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Targeting inflammation with LSALT peptide

LSALT Peptide (Metabloktm)

LSALT peptide is the company’s lead drug candidate for treating inflammation in the lungs, liver and kidneys.

Arch is focused on a path to drug approval for LSALT peptide and is working to conduct ongoing human safety and efficacy trials, targeting organ inflammation in common injury and disease applications where organ inflammation presents an unmet need.
In 2024, the company is sponsoring a Phase II international multi-center, randomized, double-blind, placebo-controlled study of LSALT peptide targeting cardiac surgery-associated acute kidney injury (CS-AKI).
Arch believes that LSALT peptide has the potential to deliver a major breakthrough in the treatment of common diseases where organ inflammation plays a major role.
In August 2019, a scientific team led by Arch scientists Dr. Donna Senger and Dr. Stephen Robbins published a paper in the journal Cell describing a novel mechanism of action for organ inflammation.

In the paper, the enzyme dipeptidase-1 (DPEP1) was identified as a major neutrophil (white blood cell) adhesion receptor on the lung, liver and kidney endothelium – additionally, DPEP1 was shown to be the target of LSALT Peptide – identifying a target for neutrophil-driven inflammatory diseases of the lungs, differing from typical anti-inflammatory drugs by targeting this novel adhesion receptor rather than targeting individual cytokines.

CELL – August 2019
Dipeptidase-1 Is an Adhesion Receptor for Neutrophil Recruitment in Lungs and Liver

“…we identified dipeptidase-1 (DPEP1) as the target and established its role as a physical adhesion receptor for neutrophil sequestration…”

Arch is pursuing clinical development of LSALT Peptide to treat acute injury in the lungs, kidneys and liver caused by inflammation

The current LSALT peptide Phase II Cardiac Surgery-Associated Acute Kidney Injury (CS-AKI) trial began dosing patients in March 2024. The trial began with three active hospital sites in Turkey, with a hospital site in Canada also joining, in March 2024. The complete study is planned to include up to 240 patients in Turkey, Canada and the United States.

LSALT Trial Information
The Phase II trial to target cardiac surgery associated-acute kidney injury (CS-AKI), began enrolling subjects in March 2024.

The commencement of the Phase II trial followed the U.S FDA’s review of the Company’s investigational new drug (IND) application submitted to the FDA’s Division of Cardiology and Nephrology in May, 2023. The IND application included preclinical data, Phase I and Phase II clinical data to date, manufacturing processes, and the protocol design for the CS-AKI Phase II trial.

CS-AKI is often caused by ischemia-reperfusion injury (IRI) that reduces blood flow (ischemia) and thus oxygen in the kidney causing kidney cell damage. Once blood flow is restored to normal (reperfusion), inflammation is triggered and injury to kidney cells is exacerbated. In the worst cases of AKI, kidneys fail, leading to kidney dialysis or kidney transplant. At present, there are no therapeutic treatments available to prevent or treat CS-AKI or IRI.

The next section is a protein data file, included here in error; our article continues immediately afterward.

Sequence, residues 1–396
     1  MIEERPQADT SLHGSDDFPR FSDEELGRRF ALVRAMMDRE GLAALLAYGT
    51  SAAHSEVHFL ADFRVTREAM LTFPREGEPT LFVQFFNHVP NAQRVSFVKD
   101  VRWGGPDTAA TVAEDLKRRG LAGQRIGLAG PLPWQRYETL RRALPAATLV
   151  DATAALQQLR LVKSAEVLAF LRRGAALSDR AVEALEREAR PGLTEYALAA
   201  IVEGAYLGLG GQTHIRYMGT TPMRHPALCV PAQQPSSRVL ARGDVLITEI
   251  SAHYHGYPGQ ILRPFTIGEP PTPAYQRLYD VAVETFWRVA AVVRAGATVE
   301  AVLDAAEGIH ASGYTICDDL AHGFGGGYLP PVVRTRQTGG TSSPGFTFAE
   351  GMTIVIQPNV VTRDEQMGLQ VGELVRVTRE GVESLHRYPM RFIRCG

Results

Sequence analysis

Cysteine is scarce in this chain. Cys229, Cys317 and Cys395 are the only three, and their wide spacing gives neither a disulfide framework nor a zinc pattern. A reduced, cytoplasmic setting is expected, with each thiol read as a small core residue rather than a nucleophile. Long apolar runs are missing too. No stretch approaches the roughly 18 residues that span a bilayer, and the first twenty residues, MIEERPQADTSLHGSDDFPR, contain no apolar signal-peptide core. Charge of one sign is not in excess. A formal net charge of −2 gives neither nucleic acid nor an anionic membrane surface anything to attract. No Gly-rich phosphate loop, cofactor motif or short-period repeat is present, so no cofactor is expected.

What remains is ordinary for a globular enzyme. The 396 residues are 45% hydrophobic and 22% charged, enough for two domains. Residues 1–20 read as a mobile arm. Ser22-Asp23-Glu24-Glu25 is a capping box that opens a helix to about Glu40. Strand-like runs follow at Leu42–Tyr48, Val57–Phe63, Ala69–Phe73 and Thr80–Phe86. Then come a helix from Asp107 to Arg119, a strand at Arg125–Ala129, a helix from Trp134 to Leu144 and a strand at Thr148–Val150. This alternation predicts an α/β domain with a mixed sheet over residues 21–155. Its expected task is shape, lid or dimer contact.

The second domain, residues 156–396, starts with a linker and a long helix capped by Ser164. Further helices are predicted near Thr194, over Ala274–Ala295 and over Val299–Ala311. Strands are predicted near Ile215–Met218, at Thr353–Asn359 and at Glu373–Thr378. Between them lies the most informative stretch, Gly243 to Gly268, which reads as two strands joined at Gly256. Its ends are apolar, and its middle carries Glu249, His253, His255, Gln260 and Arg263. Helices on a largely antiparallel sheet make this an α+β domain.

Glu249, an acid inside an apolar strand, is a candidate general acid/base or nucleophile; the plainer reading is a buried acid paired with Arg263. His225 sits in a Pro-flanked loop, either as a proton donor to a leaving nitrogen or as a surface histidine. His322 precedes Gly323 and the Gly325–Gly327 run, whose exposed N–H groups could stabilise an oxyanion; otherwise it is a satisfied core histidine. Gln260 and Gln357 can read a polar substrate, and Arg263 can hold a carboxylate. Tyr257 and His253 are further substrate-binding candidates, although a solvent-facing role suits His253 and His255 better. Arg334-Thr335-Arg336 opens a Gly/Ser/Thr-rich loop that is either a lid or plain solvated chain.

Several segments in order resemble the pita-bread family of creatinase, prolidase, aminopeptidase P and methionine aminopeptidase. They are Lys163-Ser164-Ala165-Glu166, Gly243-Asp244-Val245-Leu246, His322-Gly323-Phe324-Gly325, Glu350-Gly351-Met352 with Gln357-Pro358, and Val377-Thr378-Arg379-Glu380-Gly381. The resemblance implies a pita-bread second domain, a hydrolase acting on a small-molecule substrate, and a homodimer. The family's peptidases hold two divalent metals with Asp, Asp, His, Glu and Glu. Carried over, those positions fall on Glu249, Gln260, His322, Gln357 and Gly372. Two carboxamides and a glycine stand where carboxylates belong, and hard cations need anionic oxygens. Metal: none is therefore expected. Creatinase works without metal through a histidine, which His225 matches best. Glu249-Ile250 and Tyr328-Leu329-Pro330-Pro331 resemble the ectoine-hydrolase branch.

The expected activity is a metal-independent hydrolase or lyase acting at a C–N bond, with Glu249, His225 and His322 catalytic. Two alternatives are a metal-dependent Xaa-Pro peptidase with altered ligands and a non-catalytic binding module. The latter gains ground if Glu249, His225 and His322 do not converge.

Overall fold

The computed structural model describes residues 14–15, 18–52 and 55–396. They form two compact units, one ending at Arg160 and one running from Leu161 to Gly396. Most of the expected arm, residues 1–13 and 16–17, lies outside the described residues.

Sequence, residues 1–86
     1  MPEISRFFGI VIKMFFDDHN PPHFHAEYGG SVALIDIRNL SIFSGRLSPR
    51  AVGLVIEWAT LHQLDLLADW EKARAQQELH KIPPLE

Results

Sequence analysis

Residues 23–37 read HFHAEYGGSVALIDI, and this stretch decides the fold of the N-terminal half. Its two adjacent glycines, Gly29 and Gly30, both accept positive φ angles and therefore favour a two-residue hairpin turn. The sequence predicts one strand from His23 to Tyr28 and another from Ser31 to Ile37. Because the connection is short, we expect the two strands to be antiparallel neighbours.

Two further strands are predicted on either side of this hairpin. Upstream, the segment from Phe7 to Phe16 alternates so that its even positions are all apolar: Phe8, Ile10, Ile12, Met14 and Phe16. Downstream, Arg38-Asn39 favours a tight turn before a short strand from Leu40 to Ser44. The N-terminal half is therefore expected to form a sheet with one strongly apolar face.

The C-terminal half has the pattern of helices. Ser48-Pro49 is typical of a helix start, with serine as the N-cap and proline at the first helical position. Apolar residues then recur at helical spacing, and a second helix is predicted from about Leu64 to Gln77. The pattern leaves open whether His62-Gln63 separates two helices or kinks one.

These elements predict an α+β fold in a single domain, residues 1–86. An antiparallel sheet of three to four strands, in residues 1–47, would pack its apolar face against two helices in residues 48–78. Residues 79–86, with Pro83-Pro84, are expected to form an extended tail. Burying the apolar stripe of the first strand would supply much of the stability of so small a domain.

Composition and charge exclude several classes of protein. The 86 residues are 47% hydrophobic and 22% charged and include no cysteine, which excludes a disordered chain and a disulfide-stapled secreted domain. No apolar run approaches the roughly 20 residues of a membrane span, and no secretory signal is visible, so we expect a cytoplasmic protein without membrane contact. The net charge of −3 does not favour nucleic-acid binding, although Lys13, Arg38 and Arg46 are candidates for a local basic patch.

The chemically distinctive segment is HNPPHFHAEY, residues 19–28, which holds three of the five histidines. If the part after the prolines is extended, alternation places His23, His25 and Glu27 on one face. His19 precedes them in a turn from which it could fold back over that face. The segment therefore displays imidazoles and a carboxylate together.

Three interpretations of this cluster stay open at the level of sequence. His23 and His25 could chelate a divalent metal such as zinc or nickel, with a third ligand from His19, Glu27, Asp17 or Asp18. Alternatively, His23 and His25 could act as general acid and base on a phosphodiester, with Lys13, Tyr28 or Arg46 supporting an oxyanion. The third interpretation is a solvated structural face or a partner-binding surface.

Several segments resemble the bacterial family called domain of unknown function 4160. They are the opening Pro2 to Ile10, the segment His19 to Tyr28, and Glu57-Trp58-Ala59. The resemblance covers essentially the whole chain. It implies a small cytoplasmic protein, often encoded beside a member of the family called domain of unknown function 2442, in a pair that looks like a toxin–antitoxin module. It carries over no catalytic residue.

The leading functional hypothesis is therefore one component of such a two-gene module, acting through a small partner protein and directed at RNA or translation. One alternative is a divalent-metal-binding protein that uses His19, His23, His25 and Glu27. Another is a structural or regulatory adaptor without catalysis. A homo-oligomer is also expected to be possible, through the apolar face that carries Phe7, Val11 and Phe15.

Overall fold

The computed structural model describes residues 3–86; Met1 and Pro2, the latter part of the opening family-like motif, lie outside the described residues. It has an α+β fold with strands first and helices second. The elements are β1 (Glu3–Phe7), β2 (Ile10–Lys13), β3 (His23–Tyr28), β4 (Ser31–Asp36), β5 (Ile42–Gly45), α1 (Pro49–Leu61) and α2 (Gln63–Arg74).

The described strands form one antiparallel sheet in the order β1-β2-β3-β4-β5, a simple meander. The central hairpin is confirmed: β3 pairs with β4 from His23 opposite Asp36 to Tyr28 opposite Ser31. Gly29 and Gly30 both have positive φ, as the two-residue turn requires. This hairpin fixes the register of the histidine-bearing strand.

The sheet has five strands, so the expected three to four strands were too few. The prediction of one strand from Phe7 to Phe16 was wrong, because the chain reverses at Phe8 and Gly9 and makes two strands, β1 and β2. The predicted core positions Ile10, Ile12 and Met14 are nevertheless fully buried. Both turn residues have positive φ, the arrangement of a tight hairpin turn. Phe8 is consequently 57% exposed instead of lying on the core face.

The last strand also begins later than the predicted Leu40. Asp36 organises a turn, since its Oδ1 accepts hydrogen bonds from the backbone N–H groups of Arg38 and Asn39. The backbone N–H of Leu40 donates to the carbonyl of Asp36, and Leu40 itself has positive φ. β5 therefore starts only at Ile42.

The CS-AKI trial is planned to recruit up to 240 patients and is a double-blind, placebo-controlled study expected to be conducted in hospital sites in the U.S., Turkey, and Canada. Patient enrollment and dosing began in March of 2024, following approvals from local health authorities, ethics committees and internal review boards. There is an independent Data Safety Monitoring Board which is monitoring the safety of the patients enrolled in the trial. This study is designed to produce a signal of efficacy that would justify a larger Phase III trial of LSALT peptide.


In April 2023, the company announced that it had safely increased the maximum daily dose of LSALT peptide to 20 mg per day in healthy, normal volunteers in a phase II human safety trial in Australia. Prior to this dose escalation trial, LSALT peptide was administered at a maximum of 5mg once daily, for up to 14 days, in hospitalized patients during a Phase II trial targeting inflammation in the lungs.

About the 2020-21 Phase II ARDS and AKI Trial

Upon completion of a Phase I trial in 2020, Arch also completed a Phase II trial conducted in the United States, Turkey and Canada. The Phase II international, multi-center, randomized, double-blind, placebo-controlled, proof of concept trial was designed to investigate LSALT peptide’s efficacy in the prevention of acute inflammation in the kidney, known to trigger acute respiratory distress syndrome (ARDS) and acute kidney injury (AKI) in hospitalized patients infected with SARS-CoV-2

Additional secondary endpoints included reducing coagulopathy, cardiomyopathy and acute liver injury experienced by hospitalized SARS-CoV-2 patients.

In 2024 in a peer reviewed publication in the journal BMJ Open, the Arch clinical team published results from the previous Phase II findings which support dipeptidase-1 (DPEP-1) as a relevant therapeutic target for diseases of the lung, kidneys and liver where inflammation plays a major role. For the first time in this publication, the team also disclosed new biomarker data from the SARS-CoV-2 Phase II trial which provided further scientific rationale for Arch to bring LSALT peptide into larger trials to inhibit DPEP-1 mediated organ inflammation.

The ARDS and AKI trial dosed 61 patients in an international, multi-center, randomized, double-blind, placebo-controlled, proof of concept study of LSALT peptide as prevention of organ inflammation known to trigger acute respiratory distress syndrome (ARDS) and acute kidney injury (AKI).

Additional information about the company’s Phase II trials can be found at